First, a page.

"There's really a lack of connectivity throughout the county in terms of people getting from point A to point B," Benham said. "We've heard so many stories from people about trips that can't be made. I can't stress that enough. It goes on and on."
Edmondson presented a map showing the possibilities for creating transit connections within population centers in Washtenaw County, as well as regional connections with cities like Detroit and Jackson. The map shows enhanced bus services connecting Ann Arbor, Ypsilanti, Saline, Milan, Dexter, Chelsea, Manchester and Whitmore Lake.
The list of transit options Edmondson presented includes local circulators, dial-a-ride programs, express buses, coach services, park-and-ride lots, commuter rail, bus priority and bus lanes, bus rapid transit, light rail transit and streetcars or trolleys.
Edmondson also talked about transit-oriented development — the concept of creating vibrant, livable communities that are compact, walkable and centered around high-quality transit. One example, she said, is the Reimagining Washtenaw Avenue corridor study project.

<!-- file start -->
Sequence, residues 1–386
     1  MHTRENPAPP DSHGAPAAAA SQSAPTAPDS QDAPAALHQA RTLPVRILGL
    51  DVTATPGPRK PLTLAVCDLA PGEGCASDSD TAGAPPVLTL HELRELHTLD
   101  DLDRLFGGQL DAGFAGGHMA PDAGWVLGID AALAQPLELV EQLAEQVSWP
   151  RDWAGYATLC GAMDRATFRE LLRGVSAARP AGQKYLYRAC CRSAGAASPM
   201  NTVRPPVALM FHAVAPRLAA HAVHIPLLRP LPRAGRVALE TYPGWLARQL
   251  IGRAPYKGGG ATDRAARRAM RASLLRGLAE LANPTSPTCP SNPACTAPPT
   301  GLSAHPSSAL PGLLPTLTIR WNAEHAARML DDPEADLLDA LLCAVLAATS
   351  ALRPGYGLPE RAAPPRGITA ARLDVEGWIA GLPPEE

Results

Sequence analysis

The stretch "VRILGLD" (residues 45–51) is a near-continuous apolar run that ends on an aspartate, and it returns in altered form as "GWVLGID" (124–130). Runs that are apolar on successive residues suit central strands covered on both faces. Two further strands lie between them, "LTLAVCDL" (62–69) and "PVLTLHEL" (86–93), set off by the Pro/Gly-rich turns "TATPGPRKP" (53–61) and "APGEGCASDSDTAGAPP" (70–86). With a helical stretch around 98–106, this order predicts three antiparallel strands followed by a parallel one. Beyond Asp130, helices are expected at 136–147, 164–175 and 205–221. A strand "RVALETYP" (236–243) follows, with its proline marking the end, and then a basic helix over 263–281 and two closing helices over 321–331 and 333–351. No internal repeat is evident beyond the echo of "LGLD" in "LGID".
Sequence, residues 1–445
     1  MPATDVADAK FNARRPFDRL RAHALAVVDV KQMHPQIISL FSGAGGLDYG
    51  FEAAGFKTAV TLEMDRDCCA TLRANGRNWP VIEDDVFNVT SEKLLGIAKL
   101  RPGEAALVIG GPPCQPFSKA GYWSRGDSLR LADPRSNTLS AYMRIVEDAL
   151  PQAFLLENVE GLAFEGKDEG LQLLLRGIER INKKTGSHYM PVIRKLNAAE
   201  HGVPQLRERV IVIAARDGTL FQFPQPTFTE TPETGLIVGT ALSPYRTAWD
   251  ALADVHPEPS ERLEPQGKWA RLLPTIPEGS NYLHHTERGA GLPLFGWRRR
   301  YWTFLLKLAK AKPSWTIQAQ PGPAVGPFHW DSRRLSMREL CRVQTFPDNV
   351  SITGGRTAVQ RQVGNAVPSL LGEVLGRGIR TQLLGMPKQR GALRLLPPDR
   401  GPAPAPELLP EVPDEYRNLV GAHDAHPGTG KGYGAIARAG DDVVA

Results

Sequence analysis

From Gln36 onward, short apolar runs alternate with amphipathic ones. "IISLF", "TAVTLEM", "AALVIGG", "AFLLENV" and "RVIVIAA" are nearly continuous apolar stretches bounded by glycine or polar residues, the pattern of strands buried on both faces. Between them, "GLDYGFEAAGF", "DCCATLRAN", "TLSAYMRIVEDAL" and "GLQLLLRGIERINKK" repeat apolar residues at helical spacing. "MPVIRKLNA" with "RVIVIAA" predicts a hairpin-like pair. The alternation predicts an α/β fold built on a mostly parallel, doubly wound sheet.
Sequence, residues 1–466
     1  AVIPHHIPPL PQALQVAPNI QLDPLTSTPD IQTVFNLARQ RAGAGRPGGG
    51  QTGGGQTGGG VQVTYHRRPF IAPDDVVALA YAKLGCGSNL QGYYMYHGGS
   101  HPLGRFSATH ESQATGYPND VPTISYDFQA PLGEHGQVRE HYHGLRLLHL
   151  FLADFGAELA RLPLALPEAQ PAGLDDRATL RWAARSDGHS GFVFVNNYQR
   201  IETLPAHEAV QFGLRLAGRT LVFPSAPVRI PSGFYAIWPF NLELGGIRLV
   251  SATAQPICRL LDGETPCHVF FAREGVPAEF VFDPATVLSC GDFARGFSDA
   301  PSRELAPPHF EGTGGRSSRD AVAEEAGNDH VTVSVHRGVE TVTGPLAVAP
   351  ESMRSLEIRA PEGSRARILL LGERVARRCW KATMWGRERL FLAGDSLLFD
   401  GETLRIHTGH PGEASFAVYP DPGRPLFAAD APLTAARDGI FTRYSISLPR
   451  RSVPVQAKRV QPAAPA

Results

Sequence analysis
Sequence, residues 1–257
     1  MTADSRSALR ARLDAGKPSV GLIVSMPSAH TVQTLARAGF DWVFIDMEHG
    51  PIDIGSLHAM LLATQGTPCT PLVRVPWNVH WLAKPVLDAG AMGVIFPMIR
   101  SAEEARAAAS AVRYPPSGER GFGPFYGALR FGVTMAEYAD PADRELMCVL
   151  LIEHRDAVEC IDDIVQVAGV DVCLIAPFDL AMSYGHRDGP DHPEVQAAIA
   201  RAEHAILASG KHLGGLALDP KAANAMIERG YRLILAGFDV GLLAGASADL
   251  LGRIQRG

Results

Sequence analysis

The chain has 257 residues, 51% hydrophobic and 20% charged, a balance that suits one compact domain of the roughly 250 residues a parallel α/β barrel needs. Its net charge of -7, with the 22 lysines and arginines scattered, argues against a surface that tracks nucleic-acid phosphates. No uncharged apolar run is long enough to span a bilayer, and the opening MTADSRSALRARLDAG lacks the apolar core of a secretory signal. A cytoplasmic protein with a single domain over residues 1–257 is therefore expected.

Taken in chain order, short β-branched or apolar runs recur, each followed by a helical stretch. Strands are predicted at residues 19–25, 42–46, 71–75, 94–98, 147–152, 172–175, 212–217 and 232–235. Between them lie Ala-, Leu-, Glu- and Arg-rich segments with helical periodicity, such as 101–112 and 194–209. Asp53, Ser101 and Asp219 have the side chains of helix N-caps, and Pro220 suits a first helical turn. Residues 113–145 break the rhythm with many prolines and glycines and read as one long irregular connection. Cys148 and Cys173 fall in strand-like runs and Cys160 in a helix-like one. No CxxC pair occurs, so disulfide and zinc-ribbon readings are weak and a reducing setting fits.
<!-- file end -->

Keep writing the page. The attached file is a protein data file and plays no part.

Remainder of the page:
She highlighted examples of how transit-oriented development has been facilitated in other communities, including in San Mateo, Calif., where financial incentives are offered for building dense housing within one-third of a mile of a rail transit station.
Board member Anya Dale, project manager for the county's Economic Development & Energy Department, agreed transit can stimulate density.
"I think to make this successful it's going to be important not just to sort of pay tribute to transit-oriented development in language, but to actually have within the scenarios policies or recommendations for how to coordinate with, for example, the local communities," she said, adding it's important to make sure townships and cities are working toward a shared vision.
Bernstein said it's important to think long-term.
"In my mind, we can't just be looking at solving today's problems," he said. "If we start with a more robust bus system and then that gives us more development, then do we go to light rail? I think we need to be able to say, 'Yes, that's what we want on these corridors, so in 30 years we'd like to see this. Here's how we're going to get there.'"
Ryan J. Stanton covers government and politics for AnnArbor.com. Reach him at firstname.lastname@example.org or 734-623-2529.